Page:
Now on to others we have become friendly with.  Marlin is a landscaper that lives on the walking route, accross the road I met Janet Ramsey who is Audrey's employer (Audrey is one of the ladies I meet walking to work in the morning that I gave a Book of Mormon to). Mrs Ramsey and I had a nice conversaton as she was working with the flowers in her yard and I found out that she also has a Book of Mormon and has welcomed me to bring Fran up to meet her. In addition have met 3 other families.

A couple weeks ago I saw Elder Heegan (the pentacostal minister) on his front porch. It was Monday morning so I asked him what his sermon was about yesterday.  He reponded it was about the Savior and repentance before the Savior comes again.  I told him we both agreed on the sermon and that some other things needed to happen also, that being the gathering of the ten tribes and the restoration of the church due to apostacy.  I really enjoy talking with him as he is such a genteel spirit.  Then on last Monday he was out in the yard so I stopped and visited again and told him about the Book of Mormon that it is a history of the peoples in north and south America fromm 600 BC to 400 AD. I also told him that the Savior had visited those people after his resurrection and acension and it contained the record of that event, to which he replied 'Oh it is another recored of Jesus Christ" - to which I affirmed him that he was correct.  He has agreed to accept a copy of the Book of Mormon and I will be delivering that this coming week.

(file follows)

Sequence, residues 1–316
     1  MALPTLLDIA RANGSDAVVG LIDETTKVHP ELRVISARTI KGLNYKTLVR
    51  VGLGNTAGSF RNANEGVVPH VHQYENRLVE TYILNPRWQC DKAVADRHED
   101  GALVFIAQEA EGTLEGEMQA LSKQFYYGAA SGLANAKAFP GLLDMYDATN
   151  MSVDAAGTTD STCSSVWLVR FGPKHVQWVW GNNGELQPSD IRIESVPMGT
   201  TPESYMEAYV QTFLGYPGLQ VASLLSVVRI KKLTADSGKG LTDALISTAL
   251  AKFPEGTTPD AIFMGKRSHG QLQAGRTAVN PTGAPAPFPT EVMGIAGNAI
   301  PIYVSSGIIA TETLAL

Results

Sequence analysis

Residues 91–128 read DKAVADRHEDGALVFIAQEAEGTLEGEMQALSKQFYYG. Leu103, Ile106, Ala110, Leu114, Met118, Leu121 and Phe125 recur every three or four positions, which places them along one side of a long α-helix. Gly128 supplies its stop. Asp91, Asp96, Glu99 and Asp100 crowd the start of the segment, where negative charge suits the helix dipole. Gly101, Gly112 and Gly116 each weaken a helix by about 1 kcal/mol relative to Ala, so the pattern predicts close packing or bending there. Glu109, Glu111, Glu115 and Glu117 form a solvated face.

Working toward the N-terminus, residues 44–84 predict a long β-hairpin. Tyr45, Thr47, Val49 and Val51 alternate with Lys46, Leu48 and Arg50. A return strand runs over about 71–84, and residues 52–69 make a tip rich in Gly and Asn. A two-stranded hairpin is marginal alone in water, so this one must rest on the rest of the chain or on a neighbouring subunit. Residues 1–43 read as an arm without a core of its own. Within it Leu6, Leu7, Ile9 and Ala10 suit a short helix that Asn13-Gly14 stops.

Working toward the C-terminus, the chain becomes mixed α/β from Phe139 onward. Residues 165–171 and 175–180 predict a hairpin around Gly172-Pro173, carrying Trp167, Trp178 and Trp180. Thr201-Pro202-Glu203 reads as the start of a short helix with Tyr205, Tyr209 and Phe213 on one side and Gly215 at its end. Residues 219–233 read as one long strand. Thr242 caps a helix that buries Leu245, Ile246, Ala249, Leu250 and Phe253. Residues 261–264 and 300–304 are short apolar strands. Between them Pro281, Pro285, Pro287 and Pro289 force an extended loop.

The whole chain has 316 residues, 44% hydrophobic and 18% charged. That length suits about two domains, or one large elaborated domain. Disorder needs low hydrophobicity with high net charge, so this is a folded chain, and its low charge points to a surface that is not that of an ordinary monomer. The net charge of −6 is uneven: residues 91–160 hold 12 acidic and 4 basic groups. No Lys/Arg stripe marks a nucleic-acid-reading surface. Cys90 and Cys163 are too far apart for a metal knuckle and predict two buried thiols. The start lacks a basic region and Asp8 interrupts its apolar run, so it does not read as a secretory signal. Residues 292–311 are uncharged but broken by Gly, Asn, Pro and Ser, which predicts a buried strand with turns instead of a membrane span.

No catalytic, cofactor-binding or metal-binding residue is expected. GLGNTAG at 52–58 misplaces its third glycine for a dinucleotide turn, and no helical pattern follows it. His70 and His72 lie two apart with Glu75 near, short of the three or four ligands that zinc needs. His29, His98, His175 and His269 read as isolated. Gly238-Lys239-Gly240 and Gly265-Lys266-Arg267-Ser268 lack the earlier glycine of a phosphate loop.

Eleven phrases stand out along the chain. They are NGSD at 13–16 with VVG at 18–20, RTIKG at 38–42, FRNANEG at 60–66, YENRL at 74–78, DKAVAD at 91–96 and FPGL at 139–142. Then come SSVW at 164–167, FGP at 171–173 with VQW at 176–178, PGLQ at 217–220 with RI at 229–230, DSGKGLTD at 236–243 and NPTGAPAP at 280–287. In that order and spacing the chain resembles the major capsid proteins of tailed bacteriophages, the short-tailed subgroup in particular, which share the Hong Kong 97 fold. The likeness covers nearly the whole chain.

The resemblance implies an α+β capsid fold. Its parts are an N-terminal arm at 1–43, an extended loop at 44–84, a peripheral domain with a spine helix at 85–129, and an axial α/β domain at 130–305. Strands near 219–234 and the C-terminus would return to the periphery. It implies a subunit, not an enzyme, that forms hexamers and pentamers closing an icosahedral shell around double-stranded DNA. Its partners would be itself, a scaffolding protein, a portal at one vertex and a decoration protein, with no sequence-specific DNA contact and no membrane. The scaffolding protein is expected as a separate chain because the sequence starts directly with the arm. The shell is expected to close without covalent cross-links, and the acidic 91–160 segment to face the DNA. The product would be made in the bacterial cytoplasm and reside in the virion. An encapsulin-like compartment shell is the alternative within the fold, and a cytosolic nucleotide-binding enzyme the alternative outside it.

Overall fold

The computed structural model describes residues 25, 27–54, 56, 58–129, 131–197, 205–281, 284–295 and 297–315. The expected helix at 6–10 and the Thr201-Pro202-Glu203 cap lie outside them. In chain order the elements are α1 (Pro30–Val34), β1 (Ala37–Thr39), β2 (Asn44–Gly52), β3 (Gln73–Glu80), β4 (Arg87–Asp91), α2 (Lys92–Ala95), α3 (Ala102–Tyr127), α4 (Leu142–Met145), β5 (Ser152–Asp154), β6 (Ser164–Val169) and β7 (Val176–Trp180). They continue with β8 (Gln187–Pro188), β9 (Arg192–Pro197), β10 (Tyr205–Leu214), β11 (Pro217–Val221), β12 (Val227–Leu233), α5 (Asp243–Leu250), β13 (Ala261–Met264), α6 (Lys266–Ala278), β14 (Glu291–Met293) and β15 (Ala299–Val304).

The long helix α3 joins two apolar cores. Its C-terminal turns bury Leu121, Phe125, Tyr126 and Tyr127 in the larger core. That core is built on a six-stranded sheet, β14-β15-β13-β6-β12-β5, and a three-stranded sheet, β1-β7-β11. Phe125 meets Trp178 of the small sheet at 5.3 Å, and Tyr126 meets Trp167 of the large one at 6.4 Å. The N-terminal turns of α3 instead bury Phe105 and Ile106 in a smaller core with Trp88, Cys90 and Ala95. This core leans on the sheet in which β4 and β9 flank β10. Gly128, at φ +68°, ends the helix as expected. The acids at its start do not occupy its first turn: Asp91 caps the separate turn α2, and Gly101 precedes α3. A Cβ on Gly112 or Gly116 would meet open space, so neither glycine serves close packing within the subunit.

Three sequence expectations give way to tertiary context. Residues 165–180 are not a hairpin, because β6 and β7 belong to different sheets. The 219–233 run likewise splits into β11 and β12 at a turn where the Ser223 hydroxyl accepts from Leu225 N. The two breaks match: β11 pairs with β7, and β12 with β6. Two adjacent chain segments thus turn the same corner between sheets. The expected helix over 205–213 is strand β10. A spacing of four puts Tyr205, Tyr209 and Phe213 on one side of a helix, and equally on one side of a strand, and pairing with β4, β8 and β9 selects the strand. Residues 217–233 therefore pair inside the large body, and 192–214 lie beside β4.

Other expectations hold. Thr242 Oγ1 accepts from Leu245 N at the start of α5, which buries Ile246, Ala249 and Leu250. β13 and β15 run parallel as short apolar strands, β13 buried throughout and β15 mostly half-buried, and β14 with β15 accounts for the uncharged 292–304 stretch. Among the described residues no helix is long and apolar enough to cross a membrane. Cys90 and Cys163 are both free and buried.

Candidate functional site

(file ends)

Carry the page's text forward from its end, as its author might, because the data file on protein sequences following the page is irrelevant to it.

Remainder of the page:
Then as luck would have it I met Mr Wilson out fixing his driveway gate.  That came about as he had his 4 passenger golf cart parked there and I suggested we should be playing golf instead of him working on his gate.  We talked for a few minutes and he said he is a member of the Manchester Club and we would go together. He is not going to be available uttil the week of the 23rd  so we will go then and I am sure I will meet more people to talk about the gospel then. About a month ago I did go to the Manchester Club which is the golf course in Mandeville. It was built in 1865 and has been in contiuous operation since.  Part of the rock wall that borders the road is still in tact.  Our chapel property actually borders the golf course.  Since it is a private course I went to ask if I could play there or not.  I met Janice who manages the counter and she said yes I could come as a guest.  I got the prices for green fees, club rental from her, and she also advised I would need a caddy and gave me the price for him. Caddy fees one thousand dollars Jamaican.  That is $11.50 US dollars. Not bad to have someone who knows the course and will carry your clubs for you.  I have played twice since then (first caddy Stanley and second caddy Affiele).  Janice told me she knew our church bordered the course and she likes Christians.  When it came time to pay her she gave me half price of what she had quoted.  A very nice lady.